The global imbalance (GI) measure is a way for checking balance of baseline covariates that confound eorts to draw valid conclusions about treatment eects on outcomes of interest. In addition, GI is tested by means of a multivariate test. The GI measure and its test overcome some limitations of the common way for assessing the presence of imbalance in observed covariates that were discussed in D'Attoma and Camillo (2011). A user written SAS macro called %GI, to simultaneously measure and test global imbalance of baseline covariates is described. Furthermore, %GI also assesses global imbalance by subgroups obtained through several matching or classication methods (e.g., cluster analysis, propensity score subclassication, Rosenbaum and Rubin 1984), no matter how many groups are examined. %GI works with mixed categorical, ordinal and continuous covariates. Continuous baseline covariates need to be split into categories. It also works in the multi-treatment case. The use of the %GI macro will be illustrated using two articial examples.

%GI: A SAS Macro for Measuring and Testing Global Imbalance of Covariates within Subgroups

CAMILLO, FURIO;D'ATTOMA, IDA
2012

Abstract

The global imbalance (GI) measure is a way for checking balance of baseline covariates that confound eorts to draw valid conclusions about treatment eects on outcomes of interest. In addition, GI is tested by means of a multivariate test. The GI measure and its test overcome some limitations of the common way for assessing the presence of imbalance in observed covariates that were discussed in D'Attoma and Camillo (2011). A user written SAS macro called %GI, to simultaneously measure and test global imbalance of baseline covariates is described. Furthermore, %GI also assesses global imbalance by subgroups obtained through several matching or classication methods (e.g., cluster analysis, propensity score subclassication, Rosenbaum and Rubin 1984), no matter how many groups are examined. %GI works with mixed categorical, ordinal and continuous covariates. Continuous baseline covariates need to be split into categories. It also works in the multi-treatment case. The use of the %GI macro will be illustrated using two articial examples.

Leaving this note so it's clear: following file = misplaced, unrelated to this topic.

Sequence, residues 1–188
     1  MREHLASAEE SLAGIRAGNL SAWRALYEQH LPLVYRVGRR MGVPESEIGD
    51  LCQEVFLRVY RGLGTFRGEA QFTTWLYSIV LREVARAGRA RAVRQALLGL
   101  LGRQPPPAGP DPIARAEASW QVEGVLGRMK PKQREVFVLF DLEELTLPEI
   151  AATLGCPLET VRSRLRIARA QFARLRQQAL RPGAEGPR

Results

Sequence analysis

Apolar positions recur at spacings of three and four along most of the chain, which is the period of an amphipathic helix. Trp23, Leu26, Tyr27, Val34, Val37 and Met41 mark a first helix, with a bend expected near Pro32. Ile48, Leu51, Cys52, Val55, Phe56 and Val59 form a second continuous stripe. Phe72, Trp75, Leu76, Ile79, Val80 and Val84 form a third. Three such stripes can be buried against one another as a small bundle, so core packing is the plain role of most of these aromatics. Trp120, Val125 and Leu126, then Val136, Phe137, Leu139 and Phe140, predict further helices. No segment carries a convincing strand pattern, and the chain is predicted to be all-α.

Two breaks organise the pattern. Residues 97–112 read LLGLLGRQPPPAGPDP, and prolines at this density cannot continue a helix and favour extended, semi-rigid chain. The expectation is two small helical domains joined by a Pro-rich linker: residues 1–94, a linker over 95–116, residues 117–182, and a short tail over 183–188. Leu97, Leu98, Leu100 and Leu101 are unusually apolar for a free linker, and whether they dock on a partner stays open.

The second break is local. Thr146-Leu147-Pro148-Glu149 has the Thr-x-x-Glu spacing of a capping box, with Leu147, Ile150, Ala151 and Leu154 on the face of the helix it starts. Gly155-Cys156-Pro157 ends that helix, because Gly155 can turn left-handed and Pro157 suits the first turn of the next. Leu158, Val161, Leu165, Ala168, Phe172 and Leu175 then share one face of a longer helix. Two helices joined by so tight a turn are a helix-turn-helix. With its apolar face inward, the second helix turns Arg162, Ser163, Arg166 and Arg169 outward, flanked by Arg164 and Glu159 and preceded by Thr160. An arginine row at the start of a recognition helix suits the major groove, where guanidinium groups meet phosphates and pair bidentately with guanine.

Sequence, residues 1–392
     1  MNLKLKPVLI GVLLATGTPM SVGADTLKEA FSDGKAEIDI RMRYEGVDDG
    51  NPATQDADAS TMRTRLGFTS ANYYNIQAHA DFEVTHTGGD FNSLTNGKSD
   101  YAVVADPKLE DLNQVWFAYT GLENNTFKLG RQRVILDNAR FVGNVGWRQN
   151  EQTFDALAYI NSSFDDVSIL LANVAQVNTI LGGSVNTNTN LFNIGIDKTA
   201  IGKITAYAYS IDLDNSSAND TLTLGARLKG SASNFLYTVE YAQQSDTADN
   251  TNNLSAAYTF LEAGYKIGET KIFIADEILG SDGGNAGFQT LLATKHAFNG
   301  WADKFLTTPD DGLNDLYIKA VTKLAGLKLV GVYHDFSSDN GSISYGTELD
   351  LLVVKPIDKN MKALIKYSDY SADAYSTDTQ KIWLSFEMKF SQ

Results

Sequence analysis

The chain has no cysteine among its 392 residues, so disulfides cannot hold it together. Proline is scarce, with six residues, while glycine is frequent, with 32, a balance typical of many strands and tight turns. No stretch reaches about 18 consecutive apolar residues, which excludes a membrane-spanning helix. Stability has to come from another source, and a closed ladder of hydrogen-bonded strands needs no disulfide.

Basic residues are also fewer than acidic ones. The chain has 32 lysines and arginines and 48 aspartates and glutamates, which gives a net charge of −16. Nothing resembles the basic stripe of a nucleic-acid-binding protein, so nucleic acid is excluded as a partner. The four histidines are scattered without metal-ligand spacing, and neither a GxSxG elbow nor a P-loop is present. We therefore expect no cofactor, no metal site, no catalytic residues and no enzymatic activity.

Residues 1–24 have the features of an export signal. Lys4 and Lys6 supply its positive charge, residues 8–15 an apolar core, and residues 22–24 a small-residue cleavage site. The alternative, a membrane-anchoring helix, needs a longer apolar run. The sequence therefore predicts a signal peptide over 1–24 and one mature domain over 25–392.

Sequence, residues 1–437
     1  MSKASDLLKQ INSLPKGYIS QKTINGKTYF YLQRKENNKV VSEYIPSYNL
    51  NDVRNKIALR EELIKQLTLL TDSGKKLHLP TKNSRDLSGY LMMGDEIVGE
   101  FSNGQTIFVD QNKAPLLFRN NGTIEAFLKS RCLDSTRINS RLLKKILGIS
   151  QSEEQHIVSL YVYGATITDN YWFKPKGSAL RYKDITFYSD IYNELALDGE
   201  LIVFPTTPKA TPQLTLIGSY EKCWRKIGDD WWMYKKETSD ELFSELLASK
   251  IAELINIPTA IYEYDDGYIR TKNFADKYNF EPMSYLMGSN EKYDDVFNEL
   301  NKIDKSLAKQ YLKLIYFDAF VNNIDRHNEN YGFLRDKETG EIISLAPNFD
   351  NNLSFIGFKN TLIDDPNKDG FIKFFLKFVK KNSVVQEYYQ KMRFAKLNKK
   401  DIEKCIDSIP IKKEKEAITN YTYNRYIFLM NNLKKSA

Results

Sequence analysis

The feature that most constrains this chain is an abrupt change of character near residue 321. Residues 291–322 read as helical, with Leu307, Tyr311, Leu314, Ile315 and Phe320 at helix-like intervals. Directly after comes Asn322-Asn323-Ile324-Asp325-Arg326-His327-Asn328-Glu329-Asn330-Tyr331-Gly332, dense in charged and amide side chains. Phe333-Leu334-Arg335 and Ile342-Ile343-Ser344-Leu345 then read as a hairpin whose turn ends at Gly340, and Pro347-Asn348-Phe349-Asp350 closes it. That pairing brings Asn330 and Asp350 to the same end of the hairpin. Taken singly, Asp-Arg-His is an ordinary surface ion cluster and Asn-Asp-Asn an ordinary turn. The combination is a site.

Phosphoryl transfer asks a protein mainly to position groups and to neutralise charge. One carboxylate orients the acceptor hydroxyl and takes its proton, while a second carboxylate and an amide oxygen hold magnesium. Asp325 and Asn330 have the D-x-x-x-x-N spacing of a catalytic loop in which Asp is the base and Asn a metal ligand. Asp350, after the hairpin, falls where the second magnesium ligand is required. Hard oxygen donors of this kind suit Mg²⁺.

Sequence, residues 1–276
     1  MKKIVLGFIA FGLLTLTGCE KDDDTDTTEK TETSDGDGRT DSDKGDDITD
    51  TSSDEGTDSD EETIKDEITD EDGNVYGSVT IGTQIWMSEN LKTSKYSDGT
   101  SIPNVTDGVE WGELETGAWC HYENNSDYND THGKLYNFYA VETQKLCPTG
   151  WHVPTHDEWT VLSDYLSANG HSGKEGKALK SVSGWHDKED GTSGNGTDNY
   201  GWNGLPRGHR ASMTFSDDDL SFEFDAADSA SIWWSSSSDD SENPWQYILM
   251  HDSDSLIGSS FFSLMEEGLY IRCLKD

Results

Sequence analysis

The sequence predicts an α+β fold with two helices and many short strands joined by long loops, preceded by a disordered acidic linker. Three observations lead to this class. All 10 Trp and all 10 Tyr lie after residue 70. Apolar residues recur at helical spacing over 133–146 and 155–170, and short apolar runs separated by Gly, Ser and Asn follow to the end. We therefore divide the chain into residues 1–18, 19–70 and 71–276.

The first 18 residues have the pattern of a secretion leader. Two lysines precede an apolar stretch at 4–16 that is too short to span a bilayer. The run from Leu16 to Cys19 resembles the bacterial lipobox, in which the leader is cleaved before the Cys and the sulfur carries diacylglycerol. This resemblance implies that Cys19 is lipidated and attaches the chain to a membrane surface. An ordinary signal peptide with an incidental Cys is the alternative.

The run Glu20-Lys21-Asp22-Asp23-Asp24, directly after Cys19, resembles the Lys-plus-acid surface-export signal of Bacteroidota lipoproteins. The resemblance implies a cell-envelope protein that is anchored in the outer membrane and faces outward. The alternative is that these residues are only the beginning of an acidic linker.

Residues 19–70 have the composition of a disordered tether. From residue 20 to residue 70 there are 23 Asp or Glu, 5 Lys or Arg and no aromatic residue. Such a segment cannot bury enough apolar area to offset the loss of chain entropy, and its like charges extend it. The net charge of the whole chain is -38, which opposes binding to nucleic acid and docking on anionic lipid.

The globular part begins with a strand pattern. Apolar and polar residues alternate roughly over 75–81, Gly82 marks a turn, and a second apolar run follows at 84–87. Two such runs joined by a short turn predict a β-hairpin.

F. Camillo; I. D'Attoma
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Utilizza questo identificativo per citare o creare un link a questo documento: https://hdl.handle.net/11585/129868
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